The cashier giggles merely as a courtesy and takes my name. I find a plastic green chair in the courtyard, beneath an oversized green umbrella.
Ten minutes later she calls my name: “Knee-coal.”
I depart my chair and walk to the end of the deli counter. A luminescent hue of peridot awaits me. Tiny brown seeds float amidst the foamy top. Back at my seat I try to keep my mind out of the gutter as I take a tentative sip. Then, What a delicious surprise. It’s bloody good! The naturally sweet, not sticky fruit, beaten to its finest essence, rushes through my system. Sparks of energy arise. The frothy top tickles my upper lip and lingers on the glass like foam of a beer. The seeds don’t stick in my teeth. Every drop reminds me that trying new things is good for you.
Life is better with Peruvian tuna juice.

OFIS Explores Architecture & Organicism in Slovenia

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What happens when an architect foregoes the glass box and disregards sci-fi geometry? One result is the interpretation and manifestation of organicism such as that by Ljubljana, Slovenia-based OFIS ARHITEKTI.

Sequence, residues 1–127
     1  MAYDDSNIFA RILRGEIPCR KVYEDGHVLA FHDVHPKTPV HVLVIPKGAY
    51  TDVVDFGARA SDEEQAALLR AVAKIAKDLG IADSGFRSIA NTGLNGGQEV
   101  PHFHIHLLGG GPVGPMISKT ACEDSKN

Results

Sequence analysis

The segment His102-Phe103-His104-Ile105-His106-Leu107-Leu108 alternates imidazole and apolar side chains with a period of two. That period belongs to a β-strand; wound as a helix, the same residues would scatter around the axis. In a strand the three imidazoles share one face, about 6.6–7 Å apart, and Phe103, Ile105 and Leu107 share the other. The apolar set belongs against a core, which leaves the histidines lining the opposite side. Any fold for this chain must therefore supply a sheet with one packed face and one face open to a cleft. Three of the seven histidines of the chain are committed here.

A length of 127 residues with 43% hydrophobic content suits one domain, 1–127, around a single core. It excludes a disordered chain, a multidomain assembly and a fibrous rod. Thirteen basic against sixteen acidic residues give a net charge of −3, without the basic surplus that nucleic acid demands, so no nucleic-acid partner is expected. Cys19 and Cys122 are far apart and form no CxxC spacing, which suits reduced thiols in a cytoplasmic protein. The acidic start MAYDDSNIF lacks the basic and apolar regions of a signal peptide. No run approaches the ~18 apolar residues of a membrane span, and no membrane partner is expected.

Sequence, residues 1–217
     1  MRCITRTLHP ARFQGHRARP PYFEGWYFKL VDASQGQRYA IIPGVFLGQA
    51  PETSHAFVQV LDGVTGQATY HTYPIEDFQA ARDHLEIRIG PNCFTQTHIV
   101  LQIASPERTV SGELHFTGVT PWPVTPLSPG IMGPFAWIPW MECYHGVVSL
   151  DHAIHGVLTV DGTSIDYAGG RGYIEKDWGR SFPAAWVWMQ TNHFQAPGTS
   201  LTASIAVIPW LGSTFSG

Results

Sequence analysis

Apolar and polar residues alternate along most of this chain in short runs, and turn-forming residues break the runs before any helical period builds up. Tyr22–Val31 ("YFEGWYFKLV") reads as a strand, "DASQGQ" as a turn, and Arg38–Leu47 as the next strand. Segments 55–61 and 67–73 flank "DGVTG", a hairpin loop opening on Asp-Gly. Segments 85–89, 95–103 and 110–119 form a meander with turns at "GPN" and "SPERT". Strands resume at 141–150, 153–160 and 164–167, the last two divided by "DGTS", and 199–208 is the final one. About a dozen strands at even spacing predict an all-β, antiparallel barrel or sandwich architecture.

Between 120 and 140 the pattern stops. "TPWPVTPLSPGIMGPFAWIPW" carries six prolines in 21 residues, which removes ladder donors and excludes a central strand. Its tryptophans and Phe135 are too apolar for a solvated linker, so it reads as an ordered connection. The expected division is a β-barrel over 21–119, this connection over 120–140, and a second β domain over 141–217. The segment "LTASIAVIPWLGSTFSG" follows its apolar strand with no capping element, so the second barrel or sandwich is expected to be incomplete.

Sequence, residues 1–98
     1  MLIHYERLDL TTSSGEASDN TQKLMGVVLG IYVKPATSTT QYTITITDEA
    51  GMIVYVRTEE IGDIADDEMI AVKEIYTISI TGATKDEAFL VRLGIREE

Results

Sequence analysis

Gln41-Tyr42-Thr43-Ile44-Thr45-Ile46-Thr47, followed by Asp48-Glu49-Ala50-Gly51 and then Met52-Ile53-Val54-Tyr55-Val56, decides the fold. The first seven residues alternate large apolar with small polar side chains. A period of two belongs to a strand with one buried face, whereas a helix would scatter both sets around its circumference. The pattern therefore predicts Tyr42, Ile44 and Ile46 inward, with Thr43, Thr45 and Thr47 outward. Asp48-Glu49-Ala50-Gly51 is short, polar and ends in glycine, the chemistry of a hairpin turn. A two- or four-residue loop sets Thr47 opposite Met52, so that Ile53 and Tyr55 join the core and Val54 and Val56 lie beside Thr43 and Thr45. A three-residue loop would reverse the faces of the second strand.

Aesthetically appealing organicism is hard enough in architecture today, and usually results in something absolutely hideous. Add to that the challenge of favorably placing a mixed-use seven-storey building contextually into a historical district. For OFIS ARHITEKTI’s recently unveiled plans, however, the anticipation of the firm’s successfully rising to the challenge with its contextually and organically sensitive response is almost palpable. One might hypothesize even now while the building’s under construction before its slated 2012 completion date, that the Copova Devetka will bare an esoteric sense of place.